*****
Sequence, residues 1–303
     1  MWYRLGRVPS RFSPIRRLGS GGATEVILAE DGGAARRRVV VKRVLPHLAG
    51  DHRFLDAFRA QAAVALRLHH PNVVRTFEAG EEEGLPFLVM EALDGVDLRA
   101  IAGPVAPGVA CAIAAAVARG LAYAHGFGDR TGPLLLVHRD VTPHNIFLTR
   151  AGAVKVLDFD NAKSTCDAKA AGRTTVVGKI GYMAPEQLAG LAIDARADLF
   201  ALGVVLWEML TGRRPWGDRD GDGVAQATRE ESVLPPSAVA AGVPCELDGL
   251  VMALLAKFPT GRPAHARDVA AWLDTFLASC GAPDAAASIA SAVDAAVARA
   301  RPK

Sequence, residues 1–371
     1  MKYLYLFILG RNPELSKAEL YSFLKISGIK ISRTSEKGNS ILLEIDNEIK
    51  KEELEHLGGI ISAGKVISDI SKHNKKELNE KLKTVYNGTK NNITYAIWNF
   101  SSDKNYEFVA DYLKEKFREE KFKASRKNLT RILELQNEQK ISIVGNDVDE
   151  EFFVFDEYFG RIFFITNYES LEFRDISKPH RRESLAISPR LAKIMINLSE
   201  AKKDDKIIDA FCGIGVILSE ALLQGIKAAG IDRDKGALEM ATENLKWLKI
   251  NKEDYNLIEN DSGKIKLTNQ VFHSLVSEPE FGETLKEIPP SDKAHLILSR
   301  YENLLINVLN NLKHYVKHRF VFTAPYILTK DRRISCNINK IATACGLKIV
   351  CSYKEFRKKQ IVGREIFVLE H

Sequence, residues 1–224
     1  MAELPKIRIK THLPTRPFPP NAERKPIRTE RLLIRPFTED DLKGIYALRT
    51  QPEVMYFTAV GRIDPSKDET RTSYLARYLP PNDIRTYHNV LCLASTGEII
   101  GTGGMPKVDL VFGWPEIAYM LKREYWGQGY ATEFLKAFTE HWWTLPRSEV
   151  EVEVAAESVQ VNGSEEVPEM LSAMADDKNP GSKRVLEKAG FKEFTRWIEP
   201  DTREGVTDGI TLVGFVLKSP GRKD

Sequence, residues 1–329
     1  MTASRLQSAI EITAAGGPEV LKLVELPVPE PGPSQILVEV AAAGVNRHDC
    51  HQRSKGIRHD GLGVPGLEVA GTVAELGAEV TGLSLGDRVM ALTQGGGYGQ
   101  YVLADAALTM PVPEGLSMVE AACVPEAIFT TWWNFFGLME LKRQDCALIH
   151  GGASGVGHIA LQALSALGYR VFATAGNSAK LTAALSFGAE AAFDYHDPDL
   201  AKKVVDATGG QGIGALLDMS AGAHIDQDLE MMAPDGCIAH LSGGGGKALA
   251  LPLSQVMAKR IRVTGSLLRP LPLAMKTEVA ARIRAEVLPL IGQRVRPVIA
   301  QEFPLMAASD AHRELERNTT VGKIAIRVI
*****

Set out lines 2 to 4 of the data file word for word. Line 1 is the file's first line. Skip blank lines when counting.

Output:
     1  MWYRLGRVPS RFSPIRRLGS GGATEVILAE DGGAARRRVV VKRVLPHLAG
    51  DHRFLDAFRA QAAVALRLHH PNVVRTFEAG EEEGLPFLVM EALDGVDLRA
   101  IAGPVAPGVA CAIAAAVARG LAYAHGFGDR TGPLLLVHRD VTPHNIFLTR